Arianna Huffington, who created the massively popular news site Huffington Post, closed out Business Insider’s Ignition conference today by taking a swipe at the earlier comments.
“You guys are all about who has the biggest swinging dick,” Huffington said.
She was responding specifically to a morning panel where Business Insider co-founder Henry Blodget pushed executives from both HuffPo and the Wall Street Journal to say which company will be bigger in five years. Huffington said that’s a dumb, very male way to look at the world, when in fact both the Journal and the HuffPo can flourish, and a bunch of new publications can take off too.
Huffington also rejected the idea that the HuffPo is in a rivalry with Tina Brown’s site The Daily Beast, especially now that The Daily Beast has merged with Newsweek. Whenever two women are involved, people assume “there must have been a catfight somewhere,” Huffington said, but she isn’t thinking about any rivalry, because her company is doing just fine. It’s profitable and has 24 million unique monthly visitors. She’s still hoping to grow HuffPo’s audience, but she said that doesn’t have to be at the expense of other publications.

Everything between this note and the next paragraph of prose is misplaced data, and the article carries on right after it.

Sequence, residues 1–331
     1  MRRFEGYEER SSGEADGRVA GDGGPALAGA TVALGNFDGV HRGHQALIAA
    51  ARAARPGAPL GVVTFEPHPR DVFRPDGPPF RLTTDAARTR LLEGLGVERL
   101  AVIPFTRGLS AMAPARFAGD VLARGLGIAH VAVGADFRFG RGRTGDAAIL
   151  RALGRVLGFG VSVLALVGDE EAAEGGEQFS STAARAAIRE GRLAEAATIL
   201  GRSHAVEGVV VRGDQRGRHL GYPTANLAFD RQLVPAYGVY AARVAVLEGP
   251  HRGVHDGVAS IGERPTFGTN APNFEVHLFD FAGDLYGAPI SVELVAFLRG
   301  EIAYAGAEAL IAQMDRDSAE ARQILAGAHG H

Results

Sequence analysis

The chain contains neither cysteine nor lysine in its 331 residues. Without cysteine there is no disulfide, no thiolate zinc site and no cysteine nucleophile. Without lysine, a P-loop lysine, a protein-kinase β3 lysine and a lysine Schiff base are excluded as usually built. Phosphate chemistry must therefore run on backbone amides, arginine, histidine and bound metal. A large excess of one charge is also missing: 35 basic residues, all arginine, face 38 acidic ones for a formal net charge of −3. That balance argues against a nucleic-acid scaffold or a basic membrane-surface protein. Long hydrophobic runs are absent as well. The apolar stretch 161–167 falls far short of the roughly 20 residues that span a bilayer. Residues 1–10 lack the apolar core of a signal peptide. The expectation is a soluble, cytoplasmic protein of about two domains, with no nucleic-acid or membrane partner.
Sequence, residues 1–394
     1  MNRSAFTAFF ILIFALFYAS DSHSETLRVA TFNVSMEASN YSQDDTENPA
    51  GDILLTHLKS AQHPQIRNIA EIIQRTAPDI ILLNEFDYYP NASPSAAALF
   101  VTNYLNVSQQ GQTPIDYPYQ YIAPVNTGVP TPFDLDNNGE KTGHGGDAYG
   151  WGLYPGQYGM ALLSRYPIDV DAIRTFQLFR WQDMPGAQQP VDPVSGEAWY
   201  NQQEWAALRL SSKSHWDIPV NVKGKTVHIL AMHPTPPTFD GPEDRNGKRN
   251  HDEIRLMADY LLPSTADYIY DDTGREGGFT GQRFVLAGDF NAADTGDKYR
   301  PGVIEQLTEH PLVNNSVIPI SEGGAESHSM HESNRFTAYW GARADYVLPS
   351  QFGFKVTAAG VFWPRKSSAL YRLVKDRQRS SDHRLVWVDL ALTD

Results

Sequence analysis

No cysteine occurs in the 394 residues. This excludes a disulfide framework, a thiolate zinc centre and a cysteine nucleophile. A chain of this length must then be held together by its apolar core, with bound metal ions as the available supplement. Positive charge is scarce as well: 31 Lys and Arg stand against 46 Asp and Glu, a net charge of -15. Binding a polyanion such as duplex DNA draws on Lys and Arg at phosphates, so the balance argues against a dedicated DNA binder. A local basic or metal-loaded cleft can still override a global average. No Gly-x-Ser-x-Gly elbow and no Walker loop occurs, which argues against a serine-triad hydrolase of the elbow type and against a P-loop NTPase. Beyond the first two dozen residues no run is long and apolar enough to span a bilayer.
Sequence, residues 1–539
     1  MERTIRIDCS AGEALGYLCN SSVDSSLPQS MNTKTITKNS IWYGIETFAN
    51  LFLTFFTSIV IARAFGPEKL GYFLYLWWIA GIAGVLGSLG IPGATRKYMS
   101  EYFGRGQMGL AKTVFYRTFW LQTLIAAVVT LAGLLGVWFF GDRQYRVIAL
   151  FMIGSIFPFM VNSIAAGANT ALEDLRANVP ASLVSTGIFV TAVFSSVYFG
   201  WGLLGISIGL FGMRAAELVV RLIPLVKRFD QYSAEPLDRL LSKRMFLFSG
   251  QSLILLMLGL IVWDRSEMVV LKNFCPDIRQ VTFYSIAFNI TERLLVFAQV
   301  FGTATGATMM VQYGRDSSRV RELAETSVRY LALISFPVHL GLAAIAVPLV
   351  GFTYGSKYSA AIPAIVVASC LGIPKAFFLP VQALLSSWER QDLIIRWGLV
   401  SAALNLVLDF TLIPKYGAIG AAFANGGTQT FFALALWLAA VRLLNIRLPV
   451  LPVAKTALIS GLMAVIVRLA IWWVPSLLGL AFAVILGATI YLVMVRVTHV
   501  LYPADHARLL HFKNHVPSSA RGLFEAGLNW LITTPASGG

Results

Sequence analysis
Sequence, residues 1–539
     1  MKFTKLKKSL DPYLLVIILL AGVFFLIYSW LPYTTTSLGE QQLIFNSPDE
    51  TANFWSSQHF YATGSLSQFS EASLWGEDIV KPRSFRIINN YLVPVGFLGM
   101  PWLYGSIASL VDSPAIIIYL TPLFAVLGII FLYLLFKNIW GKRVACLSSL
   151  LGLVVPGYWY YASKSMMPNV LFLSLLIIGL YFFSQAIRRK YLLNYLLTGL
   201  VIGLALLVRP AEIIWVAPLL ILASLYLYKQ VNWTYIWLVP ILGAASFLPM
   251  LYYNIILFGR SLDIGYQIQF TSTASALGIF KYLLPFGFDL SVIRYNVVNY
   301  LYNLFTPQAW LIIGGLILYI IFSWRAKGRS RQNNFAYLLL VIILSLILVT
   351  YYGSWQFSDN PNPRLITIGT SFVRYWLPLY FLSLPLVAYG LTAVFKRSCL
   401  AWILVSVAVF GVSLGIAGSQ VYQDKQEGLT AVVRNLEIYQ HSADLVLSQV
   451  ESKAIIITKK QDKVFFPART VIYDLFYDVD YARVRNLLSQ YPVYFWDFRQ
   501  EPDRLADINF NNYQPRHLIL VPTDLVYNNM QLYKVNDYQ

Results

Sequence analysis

“That’s an old-fashioned guy game,” Huffington said. “We women just need to resist participating in it.”
That wasn’t the only idea that Huffington took issue with. She also pushed back against the idea that the Huffington Post is a liberal blog. She prefers to think of the site as a “beyond left and right” publication that’s willing to look at good ideas no matter where they come from on the political spectrum. At the same time, it’s not tied to false ideas of objectivity — when one side is clearly wrong and one is clearly right, it’s not good journalism to pretend that they have equal weight, she said.
“There are some people who think the Earth is round and there are some people who think the Earth is flat,” Huffington said — and we don’t need to pretend that both opinions are equally valid. That may sound absurd, she said, but you see the same thing in the debate with global warming.
That’s what separates HuffPo from something like Fox News, Huffington argued. They’re not just the same publication on different sides of the political spectrum.
“I’m saying Fox News is not news,” Huffington said.
[photo by Owen Thomas]